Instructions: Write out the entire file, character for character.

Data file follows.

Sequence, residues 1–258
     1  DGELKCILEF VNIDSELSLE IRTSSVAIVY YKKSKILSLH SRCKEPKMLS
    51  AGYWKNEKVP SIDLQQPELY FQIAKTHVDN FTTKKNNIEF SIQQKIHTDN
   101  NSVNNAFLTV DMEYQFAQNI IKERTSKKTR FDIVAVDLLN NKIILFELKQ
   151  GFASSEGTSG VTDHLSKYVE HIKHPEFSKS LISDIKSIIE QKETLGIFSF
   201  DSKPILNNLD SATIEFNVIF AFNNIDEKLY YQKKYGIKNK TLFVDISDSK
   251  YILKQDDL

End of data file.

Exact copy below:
Sequence, residues 1–258
     1  DGELKCILEF VNIDSELSLE IRTSSVAIVY YKKSKILSLH SRCKEPKMLS
    51  AGYWKNEKVP SIDLQQPELY FQIAKTHVDN FTTKKNNIEF SIQQKIHTDN
   101  NSVNNAFLTV DMEYQFAQNI IKERTSKKTR FDIVAVDLLN NKIILFELKQ
   151  GFASSEGTSG VTDHLSKYVE HIKHPEFSKS LISDIKSIIE QKETLGIFSF
   201  DSKPILNNLD SATIEFNVIF AFNNIDEKLY YQKKYGIKNK TLFVDISDSK
   251  YILKQDDL